Go to contents

[Editorial] Another Nat’l Security Breach

Posted October. 29, 2009 08:54,   


A South Korean civilian passed through the iron fences surrounding the eastern front to enter North Korea. This incident shows how seriously the South Korean military has lowered its guard. A person got through the three-tiered iron fences nearby a guard post and crossed the Military Demarcation Line, but the Army found out only after the North’s state-run Korean Central News Agency announced the defection. Pyongyang sneered at Seoul’s loose defense, saying, “While working for a frontline unit in the past, Kang Dong-lim yearned for life in our country and tried to cross the border, but didn’t get a chance. Now he feels extremely happy because he has fulfilled his dream.”

A small hole can lead to the breakdown of a gigantic bank and a weak link can doom a strong chain. Likewise, negligence by a military guard could seriously threaten national security. A leaf tells the condition of the tree to which it belongs. Similarly, the level of national security readiness shows the attitude of a country’s military. Examples of lapses in the Republic of Korea’s national security abound. In January 1968, 31 North Korean commandoes infiltrated South Korea and even attempted an attack on the presidential office in Seoul. In October that year, 120 more North Korean forces entered Uljin County in North Gyeongsang Province and Samcheok in Gangwon Province and killed 23 civilians. Kang’s defection brings to mind the saying that a commander who fails to finish an operation can be forgiven, but one who lowers his guard against an enemy cannot. The South Korean Army says Kang easily passed the iron fences since he used to work in the area. What a flimsy excuse. The South Korean people are fed up with the lame excuses their military comes up with whenever a problem is discovered.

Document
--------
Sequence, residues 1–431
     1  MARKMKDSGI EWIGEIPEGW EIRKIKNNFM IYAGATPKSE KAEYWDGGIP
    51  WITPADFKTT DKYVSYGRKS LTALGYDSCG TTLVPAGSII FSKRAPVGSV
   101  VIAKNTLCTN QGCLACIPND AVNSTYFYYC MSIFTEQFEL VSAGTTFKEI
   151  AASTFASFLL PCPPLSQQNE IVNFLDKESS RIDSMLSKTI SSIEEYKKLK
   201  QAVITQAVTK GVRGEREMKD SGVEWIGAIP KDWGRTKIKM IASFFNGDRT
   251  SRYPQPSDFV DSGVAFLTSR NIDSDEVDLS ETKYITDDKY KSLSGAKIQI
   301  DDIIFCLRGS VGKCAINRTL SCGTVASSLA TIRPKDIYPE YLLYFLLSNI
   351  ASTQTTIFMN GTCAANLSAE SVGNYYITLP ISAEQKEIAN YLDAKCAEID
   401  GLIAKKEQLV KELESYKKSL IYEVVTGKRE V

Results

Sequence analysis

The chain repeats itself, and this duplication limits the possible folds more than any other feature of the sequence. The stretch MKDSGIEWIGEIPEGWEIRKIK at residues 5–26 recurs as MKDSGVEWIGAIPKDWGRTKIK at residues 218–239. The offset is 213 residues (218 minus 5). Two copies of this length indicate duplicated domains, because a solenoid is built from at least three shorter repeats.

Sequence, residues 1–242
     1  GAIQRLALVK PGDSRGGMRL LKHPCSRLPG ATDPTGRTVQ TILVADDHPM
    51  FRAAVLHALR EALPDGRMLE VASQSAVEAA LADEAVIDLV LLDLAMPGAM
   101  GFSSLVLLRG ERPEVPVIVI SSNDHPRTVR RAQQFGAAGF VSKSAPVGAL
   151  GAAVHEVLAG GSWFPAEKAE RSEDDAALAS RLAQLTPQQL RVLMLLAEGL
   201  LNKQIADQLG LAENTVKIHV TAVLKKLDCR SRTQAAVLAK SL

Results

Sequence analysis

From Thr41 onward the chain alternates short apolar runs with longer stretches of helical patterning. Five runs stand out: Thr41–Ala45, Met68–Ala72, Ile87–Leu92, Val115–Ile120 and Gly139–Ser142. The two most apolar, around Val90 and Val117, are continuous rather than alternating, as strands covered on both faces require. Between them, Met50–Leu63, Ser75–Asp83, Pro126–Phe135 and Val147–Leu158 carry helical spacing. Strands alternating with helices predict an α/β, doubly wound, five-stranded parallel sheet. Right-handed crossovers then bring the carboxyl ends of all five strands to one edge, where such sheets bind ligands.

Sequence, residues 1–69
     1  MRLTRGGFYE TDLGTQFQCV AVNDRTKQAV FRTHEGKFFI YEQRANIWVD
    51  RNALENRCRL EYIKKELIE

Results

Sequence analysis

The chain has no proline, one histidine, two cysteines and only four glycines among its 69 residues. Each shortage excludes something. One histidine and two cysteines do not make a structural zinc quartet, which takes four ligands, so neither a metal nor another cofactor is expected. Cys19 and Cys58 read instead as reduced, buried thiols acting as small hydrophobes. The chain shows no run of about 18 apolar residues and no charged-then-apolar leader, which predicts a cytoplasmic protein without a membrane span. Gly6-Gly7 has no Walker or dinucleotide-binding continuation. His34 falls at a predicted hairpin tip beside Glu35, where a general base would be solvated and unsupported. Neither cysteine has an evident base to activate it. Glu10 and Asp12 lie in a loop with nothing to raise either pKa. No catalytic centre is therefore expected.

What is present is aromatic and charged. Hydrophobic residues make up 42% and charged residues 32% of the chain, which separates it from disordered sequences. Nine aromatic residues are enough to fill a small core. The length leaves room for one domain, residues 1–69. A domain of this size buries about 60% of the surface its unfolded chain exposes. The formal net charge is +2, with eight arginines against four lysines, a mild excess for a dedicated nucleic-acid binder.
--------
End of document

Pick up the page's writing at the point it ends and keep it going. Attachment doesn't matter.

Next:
Soldiers need neither state-of-the-art equipment nor advanced technologies for monitoring at guard posts. Had they had guns, hand grenades and night vision devices and strictly followed rules, they could have prevented this disastrous event from happening. Only a few months have passed since the deaths of six civilians after South Korea’s armed forces failed to report an abrupt rise in the water level of the Hwanggang Dam in the North. In addition, soldiers a few weeks ago did not recognize a boat occupied by 11 North Korean defectors until after the vessel approached the east coast.

Experts say the number of experienced soldiers at guard posts has decreased because the service period has been shortened. Officers, noncommissioned officers and soldiers are also allowed to leave the posts after a short period of service ranging from six months to a year. This means fundamental solutions are required. Those who have guarded iron fences say perfect defense of the area is impossible. Yet they must feel embarrassed over the military’s failure to discover the hole 30 centimeters wide and 40 centimeters high through the iron fence that Kang made. So the question is, doesn’t President Lee Myung-bak feel uneasy over national security?